Sustainable Urban Infrastructure Development in South East Asia: Evidence From Hong Kong, Kuala Lumpur and Singapore

Sustainable Urban Infrastructure Development in South East Asia: Evidence From Hong Kong, Kuala Lumpur and Singapore

Suharto Teriman (Queensland University of Technology, Australia), Tan Yigitcanlar (Queensland University of Technology, Australia) and Severine Mayere (Queensland University of Technology, Australia)
DOI: 10.4018/978-1-61520-775-6.ch011
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Abstract

Many South East Asian cities have experienced substantial physical, economic and social transformations during the past several decades. The rapid pace of globalization and economic restructuring has resulted in these cities receiving the full impact of urbanization pressures. In an attempt to ease these pressures, cities such as Singapore, Hong Kong and Kuala Lumpur have advocated growth management approaches focusing especially on urban infrastructure sustainability. These approaches aim to achieve triple bottom line sustainability by balancing economic and social development, and environmental protection. This chapter evaluates three Asia-Pacific city cases, Singapore, Hong Kong and Kuala Lumpur, and assesses their experiences in managing their urban forms and infrastructure whilst promoting sustainable patterns of urban development.
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Introduction

The state of health of urban areas and city-regions depends to a large extent on the availability of, and access to, urban infrastructures which support the daily requirements of urban populations to move around and attend to their routines comfortably. These urban infrastructures are the heart and soul of city-regions; their provision determines how city-regions are able to sustain themselves and their ever growing population. The development of sound and adequate urban infrastructures is of paramount importance to achieve urban sustainability (Choguill, 1996). Inadequate, substandard and unsustainable provision of these infrastructures will have detrimental effects to the sustainability equilibrium. During the past decades, adequate provision of urban infrastructures has become an increasingly important agenda in public discourse. It is often argued that whilst urbanization creates wealth for the nation and increases income and living standards for urban populations, it also results in tremendous strain on cities’ infrastructure and contributes to the problems associated with urban sprawl. In consideration of rapidly growing urbanization, particularly in city-regions of developing countries, urban managers and policy makers have become concerned with the compounding effects of growing urbanization on the carrying capacity of urban infrastructures.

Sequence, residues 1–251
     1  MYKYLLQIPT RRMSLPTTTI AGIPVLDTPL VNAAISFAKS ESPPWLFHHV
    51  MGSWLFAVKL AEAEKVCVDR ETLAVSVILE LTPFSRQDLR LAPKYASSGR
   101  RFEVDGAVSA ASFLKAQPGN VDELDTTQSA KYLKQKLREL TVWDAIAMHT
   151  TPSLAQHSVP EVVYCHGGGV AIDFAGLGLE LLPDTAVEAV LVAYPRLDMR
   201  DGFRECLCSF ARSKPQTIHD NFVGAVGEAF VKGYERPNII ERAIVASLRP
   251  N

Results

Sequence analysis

Urbanization and rapid population growth are two major, inevitable consequences of any city-region focusing on economic development such as in South East Asia (Marcotullio, 2004; Ooi, 2005). The South and South East Asian regions are home to one-third of the developing world’s urban population, with a similar proportion of this population residing in urban areas. The rapidity of population growth and expansion of cities has notable implications for the management of urban infrastructure provision and service needs of its inhabitants. Even though these phenomena are common in any urbanized areas across the globe, they are more obvious in highly dense Asian cities such as Hong Kong, Seoul, Tokyo, Manila, Bangkok and Kuala Lumpur. Most of these cities have a compact form of urbanization denoted by vertical patterns of development and served by high frequency public transit and other high capacity urban infrastructures. With increasing urbanization rates, however, these city regions are facing increasing pressures to extend these infrastructures and services. Planners and urban managers, therefore, face the daunting task to seek a balance between facilitating urbanization progress to accommodate the growing population and economic activities on the one hand, and to foster sustainable forms of infrastructure development on the other. Furthermore, this needs to be achieved with the goal of triple bottom line sustainability in mind.

Broadly, infrastructures are structural elements that allow goods and services to move between different people and places. They can be divided into two broad categories: physical and economic infrastructure which includes roads, railways, airports, ports, energy systems, telecommunications, water supply, drainage and sewerage systems; and social infrastructure which includes housing, health and education facilities (Choguill, 1996; Hardwicke, 2008). The World Bank refers to this type of infrastructures as ‘the long-lived engineered structures, equipment and facilities, and the services they provide which are used in economic productions and by households’ (World Bank, 1994, p.13). In this regard, efficient infrastructure systems facilitate the delivery of goods, services and information, and support the physical, economic and social growth of a nation. The discussion in this chapter only focuses on the development of physical and economic infrastructure, which is also referred to as ‘technical infrastructure’ (Timmeren et al., 2004) and large technical systems (LTS) (Coutard et al., 2005).

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